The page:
- A passenger aircraft of Air Mauritanie, servicing an interior route, this afternoon was hijacked soon after take-off in Nouakchott. Passing Western Sahara, the plane finally landed in the Canary Islands, where Spanish police raided it and detained the hijacker. A motive is yet to be established.
The Spanish Foreign Ministry this afternoon confirmed that no one had been harmed in the raid on the hijacked Air Mauritanie Boeing 737 that had landed in a controlled way at the Las Palmas international airport on the Spanish island Gran Canaria. The many tourists at the airport had been witnesses to the massive police output.
"It has been liberated,'' said Manuel Cacho, spokesman of the Madrid Foreign Ministry. "The hijacker has been detained," he further confirmed. He added that no one had been hurt in the action - directed by the Guardia Civil police corps - and that preliminary investigations suggested only one hijacker had been involved in the incident.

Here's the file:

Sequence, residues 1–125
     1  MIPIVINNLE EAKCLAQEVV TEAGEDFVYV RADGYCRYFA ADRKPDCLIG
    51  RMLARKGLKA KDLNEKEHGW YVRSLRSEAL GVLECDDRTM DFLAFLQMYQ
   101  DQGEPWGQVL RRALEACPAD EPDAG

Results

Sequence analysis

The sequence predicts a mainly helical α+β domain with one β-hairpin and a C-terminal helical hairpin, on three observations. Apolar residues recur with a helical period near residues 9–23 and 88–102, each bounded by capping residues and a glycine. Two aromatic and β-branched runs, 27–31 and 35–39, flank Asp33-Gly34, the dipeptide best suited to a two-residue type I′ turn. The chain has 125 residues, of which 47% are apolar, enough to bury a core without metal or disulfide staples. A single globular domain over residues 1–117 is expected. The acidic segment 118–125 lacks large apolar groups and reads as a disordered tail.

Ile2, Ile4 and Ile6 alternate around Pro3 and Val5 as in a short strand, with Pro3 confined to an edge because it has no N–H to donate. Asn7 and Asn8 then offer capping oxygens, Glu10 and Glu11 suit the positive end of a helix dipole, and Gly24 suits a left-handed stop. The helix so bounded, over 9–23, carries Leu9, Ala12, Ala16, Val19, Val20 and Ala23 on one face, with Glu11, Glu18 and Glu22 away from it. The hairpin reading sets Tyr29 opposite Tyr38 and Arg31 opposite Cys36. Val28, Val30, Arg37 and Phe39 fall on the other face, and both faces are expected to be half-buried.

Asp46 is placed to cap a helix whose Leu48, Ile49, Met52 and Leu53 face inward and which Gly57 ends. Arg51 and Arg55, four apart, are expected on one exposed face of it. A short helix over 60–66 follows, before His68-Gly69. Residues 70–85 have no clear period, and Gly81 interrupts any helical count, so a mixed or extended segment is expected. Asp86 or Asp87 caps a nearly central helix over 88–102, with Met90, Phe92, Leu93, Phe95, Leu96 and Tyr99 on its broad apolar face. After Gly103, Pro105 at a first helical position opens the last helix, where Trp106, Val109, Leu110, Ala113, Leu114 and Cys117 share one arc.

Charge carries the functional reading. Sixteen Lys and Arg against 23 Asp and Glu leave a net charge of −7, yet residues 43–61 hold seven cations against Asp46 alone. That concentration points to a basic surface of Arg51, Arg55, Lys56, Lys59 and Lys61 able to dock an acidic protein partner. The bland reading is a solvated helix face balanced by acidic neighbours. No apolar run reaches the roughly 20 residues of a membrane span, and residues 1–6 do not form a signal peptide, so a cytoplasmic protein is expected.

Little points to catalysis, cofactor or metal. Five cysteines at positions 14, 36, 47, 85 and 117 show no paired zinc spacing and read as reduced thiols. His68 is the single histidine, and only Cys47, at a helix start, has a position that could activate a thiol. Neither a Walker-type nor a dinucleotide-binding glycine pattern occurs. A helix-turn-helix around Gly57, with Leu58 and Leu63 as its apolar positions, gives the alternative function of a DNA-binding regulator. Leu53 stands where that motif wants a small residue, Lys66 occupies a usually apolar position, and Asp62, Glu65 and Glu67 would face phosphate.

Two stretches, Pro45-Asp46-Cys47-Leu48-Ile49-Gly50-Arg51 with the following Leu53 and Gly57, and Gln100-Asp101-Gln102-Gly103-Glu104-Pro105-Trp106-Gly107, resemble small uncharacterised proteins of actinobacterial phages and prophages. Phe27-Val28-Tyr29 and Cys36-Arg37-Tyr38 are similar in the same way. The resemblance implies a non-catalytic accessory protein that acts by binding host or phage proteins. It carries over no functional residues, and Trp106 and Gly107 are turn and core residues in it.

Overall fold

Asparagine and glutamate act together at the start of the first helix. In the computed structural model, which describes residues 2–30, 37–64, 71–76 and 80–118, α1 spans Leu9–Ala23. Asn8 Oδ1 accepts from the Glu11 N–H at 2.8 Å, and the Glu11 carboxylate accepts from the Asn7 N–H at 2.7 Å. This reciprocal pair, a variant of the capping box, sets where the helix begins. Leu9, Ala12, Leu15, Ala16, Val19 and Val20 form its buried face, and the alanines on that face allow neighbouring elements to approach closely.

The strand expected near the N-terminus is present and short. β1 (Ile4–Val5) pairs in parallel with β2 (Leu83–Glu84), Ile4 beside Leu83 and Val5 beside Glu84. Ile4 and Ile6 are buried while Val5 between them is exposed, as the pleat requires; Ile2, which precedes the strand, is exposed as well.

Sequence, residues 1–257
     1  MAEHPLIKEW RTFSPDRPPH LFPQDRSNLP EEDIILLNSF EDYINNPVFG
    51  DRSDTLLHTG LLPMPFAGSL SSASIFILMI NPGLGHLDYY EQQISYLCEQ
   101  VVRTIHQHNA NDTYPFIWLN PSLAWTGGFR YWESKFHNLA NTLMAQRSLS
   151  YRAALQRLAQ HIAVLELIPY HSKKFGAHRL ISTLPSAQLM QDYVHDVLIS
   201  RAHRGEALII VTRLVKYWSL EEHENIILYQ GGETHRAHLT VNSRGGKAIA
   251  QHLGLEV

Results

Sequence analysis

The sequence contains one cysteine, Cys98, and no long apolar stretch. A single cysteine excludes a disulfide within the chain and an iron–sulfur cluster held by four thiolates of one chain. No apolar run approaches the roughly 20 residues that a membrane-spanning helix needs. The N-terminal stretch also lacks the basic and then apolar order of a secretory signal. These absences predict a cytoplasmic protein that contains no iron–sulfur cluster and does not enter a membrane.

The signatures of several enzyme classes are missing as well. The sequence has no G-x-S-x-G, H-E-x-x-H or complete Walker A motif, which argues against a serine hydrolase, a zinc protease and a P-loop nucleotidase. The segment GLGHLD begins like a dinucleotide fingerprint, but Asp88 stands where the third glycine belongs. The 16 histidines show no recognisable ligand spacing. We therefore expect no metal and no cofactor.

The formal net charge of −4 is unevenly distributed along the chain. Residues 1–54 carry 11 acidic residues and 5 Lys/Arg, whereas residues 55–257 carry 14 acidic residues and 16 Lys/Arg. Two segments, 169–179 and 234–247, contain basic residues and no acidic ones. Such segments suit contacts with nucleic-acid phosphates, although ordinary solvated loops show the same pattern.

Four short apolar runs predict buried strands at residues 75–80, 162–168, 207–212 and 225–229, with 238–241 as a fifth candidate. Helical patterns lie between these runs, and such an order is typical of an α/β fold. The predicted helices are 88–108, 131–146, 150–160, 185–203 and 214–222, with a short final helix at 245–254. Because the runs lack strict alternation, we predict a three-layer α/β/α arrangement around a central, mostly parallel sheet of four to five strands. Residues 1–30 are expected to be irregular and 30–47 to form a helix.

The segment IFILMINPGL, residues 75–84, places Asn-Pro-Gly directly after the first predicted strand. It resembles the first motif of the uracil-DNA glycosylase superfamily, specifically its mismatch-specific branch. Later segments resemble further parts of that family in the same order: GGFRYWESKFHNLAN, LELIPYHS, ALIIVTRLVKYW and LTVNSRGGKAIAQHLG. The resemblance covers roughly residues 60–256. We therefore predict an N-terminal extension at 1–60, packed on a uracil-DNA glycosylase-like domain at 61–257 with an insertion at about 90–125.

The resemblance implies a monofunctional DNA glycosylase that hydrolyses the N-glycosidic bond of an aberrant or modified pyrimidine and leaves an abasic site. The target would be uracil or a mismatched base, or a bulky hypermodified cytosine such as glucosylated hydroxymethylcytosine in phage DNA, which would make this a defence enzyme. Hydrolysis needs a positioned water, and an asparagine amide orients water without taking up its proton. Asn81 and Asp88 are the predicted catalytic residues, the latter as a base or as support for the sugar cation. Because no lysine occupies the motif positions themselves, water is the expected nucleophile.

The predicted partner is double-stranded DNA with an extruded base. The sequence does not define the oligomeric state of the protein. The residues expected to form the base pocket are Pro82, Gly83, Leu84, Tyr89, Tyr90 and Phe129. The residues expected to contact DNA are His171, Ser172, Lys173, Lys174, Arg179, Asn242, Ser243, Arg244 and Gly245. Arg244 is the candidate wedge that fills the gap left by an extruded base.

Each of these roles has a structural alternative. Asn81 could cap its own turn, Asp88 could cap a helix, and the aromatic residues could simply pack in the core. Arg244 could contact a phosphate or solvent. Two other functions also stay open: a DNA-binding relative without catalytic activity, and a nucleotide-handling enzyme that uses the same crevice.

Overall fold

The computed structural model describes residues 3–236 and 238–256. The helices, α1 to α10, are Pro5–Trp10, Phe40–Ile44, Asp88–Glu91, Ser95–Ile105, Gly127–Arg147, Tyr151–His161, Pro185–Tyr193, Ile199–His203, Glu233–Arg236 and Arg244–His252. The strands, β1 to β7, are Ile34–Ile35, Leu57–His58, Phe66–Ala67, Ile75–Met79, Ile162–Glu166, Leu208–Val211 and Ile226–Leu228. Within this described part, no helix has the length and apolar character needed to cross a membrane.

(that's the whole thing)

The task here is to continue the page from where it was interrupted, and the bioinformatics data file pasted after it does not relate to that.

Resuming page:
Spanish security sources have confirmed that the individual probably is a man of Moroccan nationality - although this has not been officially confirmed.
The man is now held by Guardia Civil investigators in Las Palmas, where he is being interrogated over the incident. There are do far no indications over the hijacker's motives, but his alleged insistence to head to Paris have fuelled speculations that the hijacking was yet another spectacular emigration attempt. There are so far no indications of an attempted terrorist action.
The Mauritanian aircraft was hijacked only 45 minutes after takeoff from the capital, Nouakchott. The domestic flight was said to have 71 passengers and a cabin crew of eight. The pilot at first was ordered to fly to the town of Dakhla in Moroccan-occupied Western Sahara to refill fuel. Local authorities there however denied the aircraft a landing permission.
With too little fuel to fly all the way to France, the hijacker soon settled for the nearby Spanish Canary Islands. Here, the aircraft was allowed to land, after Spanish police had time to organise a well-timed reception for the hijacker.
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